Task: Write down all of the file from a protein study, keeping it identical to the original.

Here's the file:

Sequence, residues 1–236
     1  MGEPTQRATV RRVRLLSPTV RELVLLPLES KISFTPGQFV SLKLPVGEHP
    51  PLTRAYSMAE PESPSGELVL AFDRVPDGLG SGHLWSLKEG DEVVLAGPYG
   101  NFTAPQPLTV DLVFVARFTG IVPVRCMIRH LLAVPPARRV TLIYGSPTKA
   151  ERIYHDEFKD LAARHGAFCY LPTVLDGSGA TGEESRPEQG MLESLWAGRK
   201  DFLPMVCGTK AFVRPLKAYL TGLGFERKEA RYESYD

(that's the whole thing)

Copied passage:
Sequence, residues 1–236
     1  MGEPTQRATV RRVRLLSPTV RELVLLPLES KISFTPGQFV SLKLPVGEHP
    51  PLTRAYSMAE PESPSGELVL AFDRVPDGLG SGHLWSLKEG DEVVLAGPYG
   101  NFTAPQPLTV DLVFVARFTG IVPVRCMIRH LLAVPPARRV TLIYGSPTKA
   151  ERIYHDEFKD LAARHGAFCY LPTVLDGSGA TGEESRPEQG MLESLWAGRK
   201  DFLPMVCGTK AFVRPLKAYL TGLGFERKEA RYESYD